Checkouts checked out - how supermarkets promote junk food to children and their parents

Results of a survey of national supermarkets and high-street chains. It found that food and drinks are regularly displayed at the checkouts and in the queuing areas in these stores, and the vast majority of the products are unhealthy and often within easy reach of children.

25/04/2012
Children's Food Campaign

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Checkouts Checked Out survey reportMost children in the UK don’t eat a diet that is good for their health and meets dietary recommendations, and
childhood obesity is at an all-time high.

Food promotion in all its forms – on TV, websites, social media and via sponsorship of children’s heroes -
influences what children choose to eat.

To help tackle this problem, in 2003, the Food Commission launched a campaign, run by the Parents Jury, called “Chuck Snacks off the Checkout!”, calling for an end to the promotion of unhealthy food and drink products at supermarket checkouts. That campaign saw 3,500 checkouts in 300 stores surveyed and, in response, some companies reduced their promotions of junk food at their checkouts or added healthy options.

However, following complaints from parents that the tactic seemed to be increasingly used by other high street retailers, we were prompted to revisit this issue.

We carried out a survey in 48 branches of 14 national supermarkets and high street chains. We examined the number of checkouts where food and drink was on display in each branch and assessed whether the food being promoted was healthy or not. Our survey found that food was regularly displayed at the checkouts and in the queuing areas in these stores, and the vast majority of food promoted was unhealthy, with few healthy options on offer. In many cases, the food was positioned to attract the attention of children – and was often within their easy reach.

This junk food promotion is virtually inescapable for shoppers in these stores, and helps to ‘nudge’ people into less healthy behaviour. This undermines parents’ efforts to help their children eat a healthy diet and get the best start in life.

The history of campaigning on this issue suggests that retailers are unable or unwilling to stop voluntarily promoting junk food in their stores in this way. The Children’s Food Campaign is therefore calling for robust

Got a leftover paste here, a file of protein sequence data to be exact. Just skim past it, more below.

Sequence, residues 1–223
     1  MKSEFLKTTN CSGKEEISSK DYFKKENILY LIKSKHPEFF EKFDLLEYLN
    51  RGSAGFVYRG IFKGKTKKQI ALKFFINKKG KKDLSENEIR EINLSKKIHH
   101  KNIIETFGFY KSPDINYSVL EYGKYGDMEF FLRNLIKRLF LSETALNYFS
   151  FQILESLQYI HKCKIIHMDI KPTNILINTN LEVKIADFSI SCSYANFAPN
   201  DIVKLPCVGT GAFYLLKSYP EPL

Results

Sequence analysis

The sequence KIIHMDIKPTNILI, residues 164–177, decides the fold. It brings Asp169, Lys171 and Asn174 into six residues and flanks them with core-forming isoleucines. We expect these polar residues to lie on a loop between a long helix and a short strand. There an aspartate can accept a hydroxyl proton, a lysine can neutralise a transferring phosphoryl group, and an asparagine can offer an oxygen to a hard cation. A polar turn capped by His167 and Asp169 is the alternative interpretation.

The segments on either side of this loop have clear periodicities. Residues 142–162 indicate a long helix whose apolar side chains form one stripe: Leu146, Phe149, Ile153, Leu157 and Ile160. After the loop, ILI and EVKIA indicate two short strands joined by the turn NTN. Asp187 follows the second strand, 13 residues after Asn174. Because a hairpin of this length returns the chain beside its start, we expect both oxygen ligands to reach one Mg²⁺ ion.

Government action to help parents and bring an end to this type of marketing of junk food to children.

Find out more about the Chuck Junk Off the Checkouts campaign at: www.sustainweb.org/childrensfoodcampaign/our_campaigns/

Summary of findings:

  • Our survey of 48 branches of fourteen national supermarkets and high street chains found that food was regularly displayed at the checkouts and in the queuing areas, and the vast majority of food promoted was unhealthy.
  • In many cases, the food was positioned to attract the attention of children – and was often within their reach – much to the annoyance of parents we asked.
  • We therefore urge supermarkets and other high street retailers to remove unhealthy food and drink products from all their checkouts and queuing areas, and replace them with healthy alternatives and/or non-food products.
  • The Advertising Standards Authority should extend its remit to include in-store positioning of products and all point-of-sale marketing.
  • We call on the government to make removing unhealthy products from checkouts an integral part of its Responsibility Deal. 

 

 

 

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Sustain: the alliance for better food and farming

Sustain advocates food and agriculture policies and practices that enhance the health and welfare of people and animals, improve the working and living environment, promote equity and enrich society and culture.